Log in to view his profile

    Mar 25, 2012 1:44 AM GMT
    Yes I know what your talking about,,My sister has a St, Barnard,,,and has gone through it already,,taking a dog to emerg, vet 24 hrs ) at 2 am is a nightmare, wondering if the dog will live through it,,He been doing very will since,, I on the other hand have a Great Pyrenees...I keep a good eye on his eating habits, drinking his water ( I make him stop between driniking til his belly settles down,,after we walk I usually have him laydown in the yard for 15 mins or so as well,,he always most of the time goes and lays down after eating, while wiping his mouth from the water dripping from it usually hold a towel under him till least I hear him burb,,LOL,( sounds silly, but know he going to be alright after he eats,,) icon_lol.gifI dont make him run round til least a hour after drinking or eating,,Good luck on everyones large dogs,,they are our buddys and friends,,,We love them as if they are own children,,,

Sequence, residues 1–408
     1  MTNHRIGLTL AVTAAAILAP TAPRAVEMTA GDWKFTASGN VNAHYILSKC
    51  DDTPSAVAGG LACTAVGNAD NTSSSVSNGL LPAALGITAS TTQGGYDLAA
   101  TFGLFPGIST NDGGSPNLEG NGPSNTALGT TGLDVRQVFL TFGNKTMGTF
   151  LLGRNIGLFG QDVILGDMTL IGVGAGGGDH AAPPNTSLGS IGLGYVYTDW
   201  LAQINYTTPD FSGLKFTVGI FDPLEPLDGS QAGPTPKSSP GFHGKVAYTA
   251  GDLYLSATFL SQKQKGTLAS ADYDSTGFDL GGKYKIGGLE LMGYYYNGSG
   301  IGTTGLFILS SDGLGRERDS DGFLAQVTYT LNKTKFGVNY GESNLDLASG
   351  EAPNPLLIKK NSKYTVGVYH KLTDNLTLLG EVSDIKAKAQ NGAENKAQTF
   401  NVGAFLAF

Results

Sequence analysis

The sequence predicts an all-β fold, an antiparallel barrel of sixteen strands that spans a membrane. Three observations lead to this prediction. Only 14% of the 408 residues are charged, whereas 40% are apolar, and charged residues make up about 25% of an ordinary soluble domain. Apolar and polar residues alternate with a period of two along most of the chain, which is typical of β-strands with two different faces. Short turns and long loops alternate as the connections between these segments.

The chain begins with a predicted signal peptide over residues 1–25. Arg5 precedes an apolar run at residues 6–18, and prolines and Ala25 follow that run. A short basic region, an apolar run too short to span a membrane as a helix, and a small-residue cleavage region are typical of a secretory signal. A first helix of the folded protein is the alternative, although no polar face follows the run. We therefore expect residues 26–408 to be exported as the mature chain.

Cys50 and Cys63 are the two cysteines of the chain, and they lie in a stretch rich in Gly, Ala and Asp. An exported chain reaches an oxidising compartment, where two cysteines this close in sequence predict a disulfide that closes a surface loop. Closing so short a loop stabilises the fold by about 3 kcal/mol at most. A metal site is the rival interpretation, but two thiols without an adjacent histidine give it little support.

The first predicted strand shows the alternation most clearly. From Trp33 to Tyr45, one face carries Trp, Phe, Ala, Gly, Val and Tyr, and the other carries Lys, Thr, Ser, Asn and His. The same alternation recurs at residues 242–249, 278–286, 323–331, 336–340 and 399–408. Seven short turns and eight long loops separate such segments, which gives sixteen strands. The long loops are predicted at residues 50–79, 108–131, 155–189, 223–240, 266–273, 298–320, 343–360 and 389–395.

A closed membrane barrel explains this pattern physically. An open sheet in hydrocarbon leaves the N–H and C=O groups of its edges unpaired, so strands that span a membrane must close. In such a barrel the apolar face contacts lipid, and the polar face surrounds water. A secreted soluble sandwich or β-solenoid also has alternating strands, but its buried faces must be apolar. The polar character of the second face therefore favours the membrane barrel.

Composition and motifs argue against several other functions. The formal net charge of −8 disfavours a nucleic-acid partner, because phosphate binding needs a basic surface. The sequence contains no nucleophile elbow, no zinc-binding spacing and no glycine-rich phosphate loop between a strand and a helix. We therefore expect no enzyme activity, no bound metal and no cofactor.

• Posted by a hidden member.
    Log in to view his profile

    Mar 25, 2012 2:21 AM GMT
    Never heard about Bloat till now. Thanks for the info!
  • Posted by a hidden member.
    Log in to view his profile

    Mar 25, 2012 4:54 AM GMT
    Yup this is quite common with large breeds, I have large breed dogs and I am always careful of what I feed them and I never let them jump and run after eating.

    This can go into more details. There are stages of bloat. There are things you can do with tubing if you can not make it to the vet in time. It requires pushing a tube down the dogs throat till it reaches the stomach, usually done with a little pushing and turning until the gas and fluids drain out. Then you can safely take them to the vet.